News that the first Covid-19 vaccines will be administered ahead of schedule, starting in a week's time, has resulted in a rare bit of political unity.
Both National and Act have said that the earlier than expected vaccine timetable was good news - the development has also been welcomed by businesses and unions alike.
The news comes as a new survey from Research New Zealand reveals that an overwhelming majority of New Zealanders are willing to get the Covid-19 vaccine.
Until yesterday morning, New Zealanders were in the dark as to when exactly the Pfizer vaccines would arrive in the country.
Prime Minister Jacinda Ardern had previously only said the first batch would be here in the first quarter.
But yesterday, flanked by a number of her top ministers, Ardern announced that frontline border workers would start getting the jab from next Saturday – February 20.
"The vaccine is important for protecting our health, our economy [and] our current freedoms," she said before adding the announcement was a "milestone" for New Zealand.
Border and MIQ workers, as previously flagged, are at the front of the queue – Ardern said it would take two or three weeks to vaccinate all roughly 12,000 of them.
They will be vaccinated at their place of work, Covid-19 Response Minister Chris Hipkins said.
Ardern said that she was not particularly worried about any healthcare workers refusing the vaccination, as she didn't think many – if any – workers would turn it down.
But if someone did, Ardern said they would not be fired. Rather, they would likely be transferred away from the frontlines.
Next in line for the vaccine are the close family members of those frontline workers, then health care and essential workers before those most at risk from Covid-19 get the jab in the second quarter of the year.
Finally, a nationwide vaccination programme for all New Zealanders will begin in the second half of the year, as previously announced.
Ardern said she expected the vaccine rollout in its entirety to be completed by the end of the year.
The first batch of vaccines to arrive will be in the "low tens of thousands," according to Hipkins.
Ardern was particularly pleased that the vaccination programme was beginning ahead of schedule.
"Last year we indicated the vaccine would arrive in quarter two, and earlier this year we updated that to quarter one. It's pleasing to be receiving doses this early in quarter one," she said.
According to Research NZ figures, 70 per cent of New Zealanders say they are willing to be vaccinated. Some 20 per cent said they don't know and only 10 per cent of people said they would not get the jab.
Of those who said they would not be keen, the top reason was that they were concerned about the potential long-term effects of the vaccine.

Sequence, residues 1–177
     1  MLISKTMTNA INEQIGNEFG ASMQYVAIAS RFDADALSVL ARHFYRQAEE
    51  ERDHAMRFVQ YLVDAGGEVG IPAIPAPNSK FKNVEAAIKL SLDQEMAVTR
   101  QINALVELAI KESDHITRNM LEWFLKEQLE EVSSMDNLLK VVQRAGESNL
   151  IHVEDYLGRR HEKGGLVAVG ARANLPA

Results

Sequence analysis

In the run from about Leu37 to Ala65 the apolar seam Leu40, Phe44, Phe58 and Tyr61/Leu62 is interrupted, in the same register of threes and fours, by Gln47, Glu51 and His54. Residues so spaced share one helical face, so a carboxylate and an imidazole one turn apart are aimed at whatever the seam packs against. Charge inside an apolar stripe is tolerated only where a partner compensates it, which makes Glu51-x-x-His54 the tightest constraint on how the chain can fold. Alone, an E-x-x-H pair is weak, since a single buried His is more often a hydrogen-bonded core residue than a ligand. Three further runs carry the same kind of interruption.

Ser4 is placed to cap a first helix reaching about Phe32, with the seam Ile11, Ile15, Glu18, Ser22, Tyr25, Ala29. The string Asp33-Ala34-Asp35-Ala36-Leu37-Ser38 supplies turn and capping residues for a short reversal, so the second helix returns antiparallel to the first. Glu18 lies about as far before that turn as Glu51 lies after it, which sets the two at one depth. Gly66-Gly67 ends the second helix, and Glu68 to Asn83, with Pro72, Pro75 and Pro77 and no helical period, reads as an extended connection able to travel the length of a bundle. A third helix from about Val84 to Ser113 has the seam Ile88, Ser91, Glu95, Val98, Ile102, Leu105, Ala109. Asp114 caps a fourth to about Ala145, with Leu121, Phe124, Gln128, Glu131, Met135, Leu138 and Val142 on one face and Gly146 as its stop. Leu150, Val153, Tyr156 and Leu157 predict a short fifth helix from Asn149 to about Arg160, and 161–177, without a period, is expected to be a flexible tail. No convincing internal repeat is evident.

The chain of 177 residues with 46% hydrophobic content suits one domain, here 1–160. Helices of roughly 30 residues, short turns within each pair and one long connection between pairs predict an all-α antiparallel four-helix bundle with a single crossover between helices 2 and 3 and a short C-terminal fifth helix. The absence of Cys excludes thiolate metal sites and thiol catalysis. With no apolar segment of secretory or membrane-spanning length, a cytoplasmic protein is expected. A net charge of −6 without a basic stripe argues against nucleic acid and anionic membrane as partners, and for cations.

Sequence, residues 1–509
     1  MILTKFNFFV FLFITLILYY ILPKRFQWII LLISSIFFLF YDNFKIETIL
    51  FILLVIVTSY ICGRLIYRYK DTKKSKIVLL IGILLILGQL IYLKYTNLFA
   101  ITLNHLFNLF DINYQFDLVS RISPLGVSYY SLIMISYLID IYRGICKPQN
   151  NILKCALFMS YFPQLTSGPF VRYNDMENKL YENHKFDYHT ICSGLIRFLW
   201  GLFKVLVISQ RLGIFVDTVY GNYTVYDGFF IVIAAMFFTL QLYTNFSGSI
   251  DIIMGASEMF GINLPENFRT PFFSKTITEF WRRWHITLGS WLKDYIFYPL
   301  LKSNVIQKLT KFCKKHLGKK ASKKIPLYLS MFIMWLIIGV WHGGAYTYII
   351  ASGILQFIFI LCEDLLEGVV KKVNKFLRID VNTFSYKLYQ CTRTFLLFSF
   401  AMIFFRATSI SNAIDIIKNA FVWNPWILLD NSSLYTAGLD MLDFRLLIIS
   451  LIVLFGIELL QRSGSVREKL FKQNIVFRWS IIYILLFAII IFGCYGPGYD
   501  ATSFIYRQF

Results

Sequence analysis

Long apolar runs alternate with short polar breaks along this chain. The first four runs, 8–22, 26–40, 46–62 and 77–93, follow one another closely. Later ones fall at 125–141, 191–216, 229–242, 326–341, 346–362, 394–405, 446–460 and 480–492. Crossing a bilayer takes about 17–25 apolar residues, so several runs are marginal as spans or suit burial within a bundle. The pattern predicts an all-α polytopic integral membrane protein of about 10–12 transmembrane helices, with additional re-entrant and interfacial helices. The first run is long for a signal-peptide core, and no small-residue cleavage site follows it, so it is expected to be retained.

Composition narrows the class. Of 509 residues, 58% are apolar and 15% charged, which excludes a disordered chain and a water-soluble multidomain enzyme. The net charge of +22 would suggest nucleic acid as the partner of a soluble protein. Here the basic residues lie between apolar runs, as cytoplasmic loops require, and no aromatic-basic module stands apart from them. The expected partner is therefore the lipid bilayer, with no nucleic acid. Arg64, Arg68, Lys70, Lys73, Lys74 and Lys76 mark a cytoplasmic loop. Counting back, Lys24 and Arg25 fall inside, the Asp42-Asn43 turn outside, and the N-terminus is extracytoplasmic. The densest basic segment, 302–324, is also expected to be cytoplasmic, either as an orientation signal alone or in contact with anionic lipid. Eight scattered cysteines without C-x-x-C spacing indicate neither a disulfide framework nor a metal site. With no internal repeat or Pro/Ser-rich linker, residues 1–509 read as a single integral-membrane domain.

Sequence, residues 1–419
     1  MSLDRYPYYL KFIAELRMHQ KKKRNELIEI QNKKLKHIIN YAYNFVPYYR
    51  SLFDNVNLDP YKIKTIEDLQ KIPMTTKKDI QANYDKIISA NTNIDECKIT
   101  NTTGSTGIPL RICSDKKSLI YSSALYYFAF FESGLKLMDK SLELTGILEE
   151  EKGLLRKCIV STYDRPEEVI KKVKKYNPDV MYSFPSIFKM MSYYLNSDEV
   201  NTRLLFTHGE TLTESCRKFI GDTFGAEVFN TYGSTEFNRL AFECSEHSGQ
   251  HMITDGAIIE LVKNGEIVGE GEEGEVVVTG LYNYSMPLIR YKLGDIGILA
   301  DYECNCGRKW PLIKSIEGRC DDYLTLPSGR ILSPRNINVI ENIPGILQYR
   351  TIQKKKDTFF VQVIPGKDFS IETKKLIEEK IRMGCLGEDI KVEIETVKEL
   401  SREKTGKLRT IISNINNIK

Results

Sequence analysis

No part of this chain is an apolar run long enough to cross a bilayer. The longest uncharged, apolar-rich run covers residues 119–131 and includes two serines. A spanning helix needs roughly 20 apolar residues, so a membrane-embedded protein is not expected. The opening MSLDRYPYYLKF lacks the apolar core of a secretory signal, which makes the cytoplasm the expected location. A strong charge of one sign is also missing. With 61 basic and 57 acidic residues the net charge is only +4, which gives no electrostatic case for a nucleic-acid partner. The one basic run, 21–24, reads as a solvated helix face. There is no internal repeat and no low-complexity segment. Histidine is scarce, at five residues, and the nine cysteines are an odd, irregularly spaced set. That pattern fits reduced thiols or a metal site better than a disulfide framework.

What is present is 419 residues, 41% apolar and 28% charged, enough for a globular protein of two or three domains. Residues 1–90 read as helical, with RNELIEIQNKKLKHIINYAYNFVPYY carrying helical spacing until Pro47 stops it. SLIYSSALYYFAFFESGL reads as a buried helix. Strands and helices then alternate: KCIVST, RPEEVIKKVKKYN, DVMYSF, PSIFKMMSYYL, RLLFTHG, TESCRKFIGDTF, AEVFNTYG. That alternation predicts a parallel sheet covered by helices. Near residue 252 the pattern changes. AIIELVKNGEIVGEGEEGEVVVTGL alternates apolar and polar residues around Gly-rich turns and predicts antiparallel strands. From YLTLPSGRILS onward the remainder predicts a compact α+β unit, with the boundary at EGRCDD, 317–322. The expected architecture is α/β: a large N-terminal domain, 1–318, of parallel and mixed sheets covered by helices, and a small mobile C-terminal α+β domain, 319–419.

Meanwhile, National's Covid-19 Response spokesman Chris Bishop said it was "really good news" that frontline workers will be vaccinated ahead of schedule.
But the focus now would be on ensuring the rollout is as effective as possible – "that's what National will be keeping an eye on".
The Act Party was also quick to applaud the Government for running ahead of schedule with the vaccines.
"The Government should be congratulated for getting some Pfizer vaccine for Covid-19 confirmed for rollout from next week," Act leader David Seymour said.
But he was careful not to be too complimentary of his political rivals.
"It was frankly embarrassing that 75 countries have already administered 152 million doses of vaccine."
BusinessNZ chief executive Kirk Hope said prioritising frontline workers was an appropriate strategy.
But he warned that New Zealand's largest-ever vaccine campaign would require significant planning and operational ability to achieve within the targeted period of one year.
CTU President Richard Wagstaff echoed Hope's praise.
"These are the members of our team of 5 million who are daily working in environments where they could be exposed to Covid-19," he said of the frontline workers.
There were just two cases of Covid-19 detected in managed isolation yesterday – both had arrived to New Zealand from the UK.
The Ministry of Health also reported that 12 previously reported cases have now recovered; meaning the total number of active cases in New Zealand is 44.
Who will be first to get the vaccine?
First up are frontline health, MIQ and border workers. These are the people working in the managed isolation and quarantine facilities, as well as the people working at the airports. After they have got the jab, their close family will get the vaccine as well.
What happens if they refuse the vaccine?
The Government cannot make the frontline workers take the vaccine, but it's strongly encouraged. Ardern said if a frontline worker refuses the jab they won't be fired – rather, they would likely be moved off the front line.
What about the rest of New Zealand?
There is no specific date as to when the wider population will get the vaccination, but the Government has said the nationwide rollout will begin in the second half of the year. Jacinda Ardern confirmed yesterday that this rollout would most likely be done by the end of the year.
What has been the reaction?
A lot of thumbs up so far. Both National and Act have said they were pleased the vaccines were arriving ahead of schedule. That's a sentiment shared by BusinessNZ and the CTU. But all eyes will be on the wider rollout later in the year.